Now that Brexit has become reality, the United Kingdom can use its newfound independence by negotiating an ambitious free trade agreement with the United States.
Such an agreement can deepen commercial ties between two longtime allies, not only in goods trade but also in financial services and the movement of people. Outside the European Union, the United States is one of the UK’s most important commercial partners.
According to the US Commerce Department, in the 12 months through the third quarter of 2019, two-way bilateral trade in goods and services totalled $270bn (£206bn). Services account for more than half of cross-border UK-US trade, with transportation, travel and financial services the top categories.
The United States is also the top direct investor in the United Kingdom. According to the most recent Commerce numbers, US majority-owned affiliates employ 1.5m British workers in the UK, more than twice as many as the nearest EU country, with a total annual payroll of $101bn (£77bn). Of the Brits employed by US affiliates, 372,000 work in manufacturing and another 195,000 in finance, insurance, and banking.
A free trade agreement worthy of the name should, of course, aim for the complete elimination of tariffs on all goods trade. A top priority should be to ensure zero tariffs on trade in agricultural products as well as on all manufactured goods.
The United States should give up its 2.5 per cent duty on imported cars and its 25 per cent duty on imported light trucks, while the UK should jettison the 10 per cent duty on cars it inherited from the EU and the even higher 20 per cent-plus duty on imported trucks. The result will be lower prices and more choice for consumers.
Just as importantly, the agreement must aim for freer trade in services between two of the world’s most competitive providers. In its negotiating objectives released last year, the Office of the US Trade Representative (USTR) pledged that the United States would “secure commitments for the UK to provide fair and open conditions for services trade,” including rules that would prohibit discrimination against foreign suppliers, restrictions on the number of service providers in the market, and requirements that cross-border service suppliers must establish a local presence. The United States should be ready to provide the same access.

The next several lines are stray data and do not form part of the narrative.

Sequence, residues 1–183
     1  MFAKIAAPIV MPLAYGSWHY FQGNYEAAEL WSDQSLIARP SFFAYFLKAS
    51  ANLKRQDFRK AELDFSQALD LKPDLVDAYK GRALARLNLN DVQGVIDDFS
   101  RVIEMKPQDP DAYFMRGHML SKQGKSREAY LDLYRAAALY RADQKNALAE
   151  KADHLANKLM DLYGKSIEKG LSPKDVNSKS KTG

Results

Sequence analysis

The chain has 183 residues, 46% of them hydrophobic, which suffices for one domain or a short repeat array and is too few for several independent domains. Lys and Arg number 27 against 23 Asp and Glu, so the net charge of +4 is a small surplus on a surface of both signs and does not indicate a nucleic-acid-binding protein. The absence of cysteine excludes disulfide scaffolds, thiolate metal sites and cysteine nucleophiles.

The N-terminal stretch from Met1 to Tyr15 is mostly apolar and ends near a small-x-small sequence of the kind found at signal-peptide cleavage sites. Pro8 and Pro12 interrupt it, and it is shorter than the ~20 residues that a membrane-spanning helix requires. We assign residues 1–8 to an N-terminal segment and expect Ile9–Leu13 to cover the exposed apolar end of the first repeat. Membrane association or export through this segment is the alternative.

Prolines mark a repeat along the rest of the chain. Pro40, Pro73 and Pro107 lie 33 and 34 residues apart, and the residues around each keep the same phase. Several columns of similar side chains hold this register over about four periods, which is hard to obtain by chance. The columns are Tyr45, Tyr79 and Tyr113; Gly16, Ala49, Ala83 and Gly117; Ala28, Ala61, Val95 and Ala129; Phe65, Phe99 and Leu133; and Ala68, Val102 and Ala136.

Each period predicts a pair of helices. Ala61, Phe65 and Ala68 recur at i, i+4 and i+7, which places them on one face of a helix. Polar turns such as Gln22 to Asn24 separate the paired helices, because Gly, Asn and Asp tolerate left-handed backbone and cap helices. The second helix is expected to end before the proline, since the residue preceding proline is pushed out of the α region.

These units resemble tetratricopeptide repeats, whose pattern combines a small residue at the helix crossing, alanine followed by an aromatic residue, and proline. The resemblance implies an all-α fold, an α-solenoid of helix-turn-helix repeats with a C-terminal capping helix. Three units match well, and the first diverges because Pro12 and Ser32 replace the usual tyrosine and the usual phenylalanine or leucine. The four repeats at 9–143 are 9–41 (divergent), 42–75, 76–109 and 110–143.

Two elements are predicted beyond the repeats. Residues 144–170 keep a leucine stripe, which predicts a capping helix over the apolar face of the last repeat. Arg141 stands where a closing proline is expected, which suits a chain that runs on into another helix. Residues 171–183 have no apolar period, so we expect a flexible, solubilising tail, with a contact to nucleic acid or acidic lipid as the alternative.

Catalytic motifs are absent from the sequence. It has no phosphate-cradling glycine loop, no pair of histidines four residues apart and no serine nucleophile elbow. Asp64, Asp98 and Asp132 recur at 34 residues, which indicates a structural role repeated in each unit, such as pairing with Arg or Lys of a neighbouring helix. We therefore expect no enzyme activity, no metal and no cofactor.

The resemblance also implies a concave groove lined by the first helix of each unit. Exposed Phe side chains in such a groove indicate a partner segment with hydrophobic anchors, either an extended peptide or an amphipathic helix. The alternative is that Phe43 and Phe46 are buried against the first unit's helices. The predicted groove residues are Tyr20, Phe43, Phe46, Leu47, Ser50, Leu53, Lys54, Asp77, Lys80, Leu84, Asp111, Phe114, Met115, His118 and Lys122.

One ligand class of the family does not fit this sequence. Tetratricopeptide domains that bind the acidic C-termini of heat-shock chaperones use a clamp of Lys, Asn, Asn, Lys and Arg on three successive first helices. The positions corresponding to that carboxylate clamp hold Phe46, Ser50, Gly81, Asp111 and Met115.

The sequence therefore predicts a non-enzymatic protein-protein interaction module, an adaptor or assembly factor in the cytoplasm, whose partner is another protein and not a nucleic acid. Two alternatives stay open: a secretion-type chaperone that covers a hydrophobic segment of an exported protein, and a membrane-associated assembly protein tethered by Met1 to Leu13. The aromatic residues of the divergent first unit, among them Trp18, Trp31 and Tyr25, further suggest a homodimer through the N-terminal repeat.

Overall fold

On financial services, the USTR calls for US suppliers “to obtain fairer and more open conditions of financial services trade” while ensuring that the UK’s financial regulatory rules are administered in a transparent and equitable manner for US providers.
For its part, the United States should be willing to relax its own restrictions on foreign-supplied financial services. With London and New York City arguably the world’s two most important financial centres, more robust competition in this sector would yield benefits for both nations through lower costs and more product innovation.
On digital trade, negotiators should seek the prohibition of all customs duties on digital products as well as restrictions on cross-border data flows or requirements that servers be localised. The agreement should also preclude any mandates to disclose computing algorithms or source code.
The United States will also seek assurances from the UK that would protect the competitive US digital trade and cloud computing sector from EU-type rules and punitive taxes aimed at US technology companies.
A US-UK trade agreement should also liberalise the movement of people, an important means of delivering services. One idea would be the creation of a special visa, either within the agreement or separately, that would allow the freer movement of professional workers between the two nations.
The visa could be patterned after the E-3 visa that allows as many as 10,500 Australian professionals to work in the United States on two-year visas that are renewable indefinitely. Adjusting for the larger population of the United Kingdom, a proportional number of visas would be about 30,000.
Ideally, a UK-US agreement would be signed and ready for implementation on 1 January 2021, the day the Johnson government plans to finally exit the EU customs union. An 11-month timeline to negotiate the agreement would be aggressive, but not impossible. There is certainly no reason why it could not be negotiated simultaneously with a post-Brexit UK-EU trade agreement.
Politically, the UK-US agreement would allow the Conservative government to deliver on a manifesto promise to strike new deals with major trading partners, while giving it leverage in what will likely be difficult talks with the EU.
Most importantly, it will create opportunities for the people of Great Britain to deepen their commercial ties with their friends and allies on the other side of the Atlantic.
Daniel Griswold is a senior research fellow and co-director of the Trade and Immigration Project and Jack Salmon is a research assistant, both with the Mercatus Center at George Mason University. They are co-authors of the new Mercatus Center briefing paper, “Can a U.S.-U.K. Trade Agreement Become a Reality in 2021?”